Send to

Choose Destination
See comment in PubMed Commons below
J Biol Chem. 2010 Jul 30;285(31):23818-28. doi: 10.1074/jbc.M109.091611. Epub 2010 May 26.

S-nitrosylation regulates nuclear translocation of chloride intracellular channel protein CLIC4.

Author information

Laboratory of Cancer Biology and Genetics, Center for Cancer Research, NCI, National Institutes of Health, Bethesda, MD 20892, USA.


Nuclear translocation of chloride intracellular channel protein CLIC4 is essential for its role in Ca(2+)-induced differentiation, stress-induced apoptosis, and modulating TGF-beta signaling in mouse epidermal keratinocytes. However, post-translational modifications on CLIC4 that govern nuclear translocation and thus these activities remain to be elucidated. The structure of CLIC4 is dependent on the redox environment, in vitro, and translocation may depend on reactive oxygen and nitrogen species in the cell. Here we show that NO directly induces nuclear translocation of CLIC4 that is independent of the NO-cGMP pathway. Indeed, CLIC4 is directly modified by NO through S-nitrosylation of a cysteine residue, as measured by the biotin switch assay. NO enhances association of CLIC4 with the nuclear import proteins importin alpha and Ran. This is likely a result of the conformational change induced by S-nitrosylated CLIC4 that leads to unfolding of the protein, as exhibited by CD spectra analysis and trypsinolysis of the modified protein. Cysteine mutants of CLIC4 exhibit altered nitrosylation, nuclear residence, and stability, compared with the wild type protein likely as a consequence of altered tertiary structure. Moreover, tumor necrosis factor alpha-induced nuclear translocation of CLIC4 is dependent on nitric-oxide synthase activity. Inhibition of nitric-oxide synthase activity inhibits tumor necrosis factor alpha-induced nitrosylation and association with importin alpha and Ran and ablates CLIC4 nuclear translocation. These results suggest that S-nitrosylation governs CLIC4 structure, its association with protein partners, and thus its intracellular distribution.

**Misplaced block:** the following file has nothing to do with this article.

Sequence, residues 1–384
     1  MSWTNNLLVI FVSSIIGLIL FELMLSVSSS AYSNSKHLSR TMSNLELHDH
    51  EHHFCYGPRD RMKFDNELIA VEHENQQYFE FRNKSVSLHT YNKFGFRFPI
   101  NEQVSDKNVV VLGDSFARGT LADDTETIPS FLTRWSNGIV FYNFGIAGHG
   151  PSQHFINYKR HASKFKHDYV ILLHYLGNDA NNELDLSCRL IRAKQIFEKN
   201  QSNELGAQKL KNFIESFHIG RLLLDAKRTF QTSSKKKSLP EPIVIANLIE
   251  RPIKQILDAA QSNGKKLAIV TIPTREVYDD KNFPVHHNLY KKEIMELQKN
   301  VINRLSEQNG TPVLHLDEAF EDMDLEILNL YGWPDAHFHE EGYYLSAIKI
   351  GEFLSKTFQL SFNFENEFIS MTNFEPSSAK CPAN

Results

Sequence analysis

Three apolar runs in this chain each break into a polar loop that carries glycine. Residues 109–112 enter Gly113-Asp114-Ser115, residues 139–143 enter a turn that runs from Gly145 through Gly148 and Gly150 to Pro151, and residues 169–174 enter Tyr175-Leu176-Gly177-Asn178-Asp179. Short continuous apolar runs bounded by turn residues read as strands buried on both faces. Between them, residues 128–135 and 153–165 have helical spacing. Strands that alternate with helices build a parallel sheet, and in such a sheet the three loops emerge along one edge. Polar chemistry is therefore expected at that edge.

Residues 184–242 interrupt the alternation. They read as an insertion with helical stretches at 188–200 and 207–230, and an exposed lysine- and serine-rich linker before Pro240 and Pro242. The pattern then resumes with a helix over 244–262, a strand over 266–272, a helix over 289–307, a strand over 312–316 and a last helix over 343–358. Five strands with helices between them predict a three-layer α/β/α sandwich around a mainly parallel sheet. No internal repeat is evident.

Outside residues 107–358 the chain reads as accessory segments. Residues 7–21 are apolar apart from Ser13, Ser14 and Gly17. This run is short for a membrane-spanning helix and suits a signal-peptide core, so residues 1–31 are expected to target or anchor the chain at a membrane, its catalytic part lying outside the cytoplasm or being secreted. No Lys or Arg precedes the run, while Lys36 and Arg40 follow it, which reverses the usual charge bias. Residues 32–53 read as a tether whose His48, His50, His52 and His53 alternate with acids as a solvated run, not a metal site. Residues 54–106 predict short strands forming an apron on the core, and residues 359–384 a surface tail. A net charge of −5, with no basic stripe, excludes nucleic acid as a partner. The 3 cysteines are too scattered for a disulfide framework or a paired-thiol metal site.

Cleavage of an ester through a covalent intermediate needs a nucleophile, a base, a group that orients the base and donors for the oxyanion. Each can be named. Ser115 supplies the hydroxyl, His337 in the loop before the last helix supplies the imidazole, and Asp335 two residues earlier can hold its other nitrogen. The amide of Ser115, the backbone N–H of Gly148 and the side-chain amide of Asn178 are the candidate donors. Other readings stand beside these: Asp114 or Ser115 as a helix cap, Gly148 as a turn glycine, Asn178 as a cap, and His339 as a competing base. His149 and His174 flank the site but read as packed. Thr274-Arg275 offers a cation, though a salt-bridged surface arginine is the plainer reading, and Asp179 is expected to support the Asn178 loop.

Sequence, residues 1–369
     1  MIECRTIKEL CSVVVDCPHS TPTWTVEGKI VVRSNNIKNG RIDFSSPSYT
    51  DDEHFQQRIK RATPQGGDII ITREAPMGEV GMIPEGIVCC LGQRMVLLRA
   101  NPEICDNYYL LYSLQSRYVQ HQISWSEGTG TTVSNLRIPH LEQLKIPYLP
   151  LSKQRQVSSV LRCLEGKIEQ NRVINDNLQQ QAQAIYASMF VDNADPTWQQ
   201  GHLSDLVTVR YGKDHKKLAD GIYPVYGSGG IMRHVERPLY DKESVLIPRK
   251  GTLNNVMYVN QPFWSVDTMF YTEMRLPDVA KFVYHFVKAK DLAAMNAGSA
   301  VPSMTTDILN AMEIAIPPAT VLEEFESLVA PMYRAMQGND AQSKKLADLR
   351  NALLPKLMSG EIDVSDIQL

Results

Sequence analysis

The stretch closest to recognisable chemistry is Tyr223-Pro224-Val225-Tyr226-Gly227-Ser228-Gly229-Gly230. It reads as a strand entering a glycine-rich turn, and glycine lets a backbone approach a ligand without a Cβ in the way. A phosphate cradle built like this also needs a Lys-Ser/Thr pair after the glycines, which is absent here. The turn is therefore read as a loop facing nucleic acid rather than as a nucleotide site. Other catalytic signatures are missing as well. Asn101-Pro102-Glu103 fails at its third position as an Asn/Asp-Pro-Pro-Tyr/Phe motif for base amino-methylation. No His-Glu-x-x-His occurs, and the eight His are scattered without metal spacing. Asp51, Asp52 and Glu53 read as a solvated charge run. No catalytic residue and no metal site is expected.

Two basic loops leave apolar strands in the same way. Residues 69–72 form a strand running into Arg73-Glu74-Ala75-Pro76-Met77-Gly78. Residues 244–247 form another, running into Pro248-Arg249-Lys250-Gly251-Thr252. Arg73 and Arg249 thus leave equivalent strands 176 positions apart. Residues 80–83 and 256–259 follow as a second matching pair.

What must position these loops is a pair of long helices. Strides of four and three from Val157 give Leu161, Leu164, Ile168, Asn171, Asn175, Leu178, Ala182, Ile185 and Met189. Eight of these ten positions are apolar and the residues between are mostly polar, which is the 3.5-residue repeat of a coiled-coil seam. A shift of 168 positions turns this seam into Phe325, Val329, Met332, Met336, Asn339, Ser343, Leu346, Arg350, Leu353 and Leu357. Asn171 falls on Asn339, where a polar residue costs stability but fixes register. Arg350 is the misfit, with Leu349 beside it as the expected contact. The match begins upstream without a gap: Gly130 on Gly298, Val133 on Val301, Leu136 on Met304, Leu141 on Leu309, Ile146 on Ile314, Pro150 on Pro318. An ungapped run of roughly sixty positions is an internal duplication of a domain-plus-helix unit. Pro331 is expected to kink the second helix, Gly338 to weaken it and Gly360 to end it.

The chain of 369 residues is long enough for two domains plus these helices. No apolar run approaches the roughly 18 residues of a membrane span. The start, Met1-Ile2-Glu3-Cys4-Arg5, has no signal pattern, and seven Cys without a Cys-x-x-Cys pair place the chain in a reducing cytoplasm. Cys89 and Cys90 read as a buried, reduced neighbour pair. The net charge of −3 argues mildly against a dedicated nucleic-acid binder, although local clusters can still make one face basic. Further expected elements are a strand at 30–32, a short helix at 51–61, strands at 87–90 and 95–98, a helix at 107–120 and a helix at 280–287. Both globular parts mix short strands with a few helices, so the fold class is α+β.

[Indexed for MEDLINE]
Free PMC Article
PubMed Commons home

PubMed Commons

How to join PubMed Commons

    Supplemental Content

    Full text links

    Icon for HighWire Icon for PubMed Central
    Loading ...
    Support Center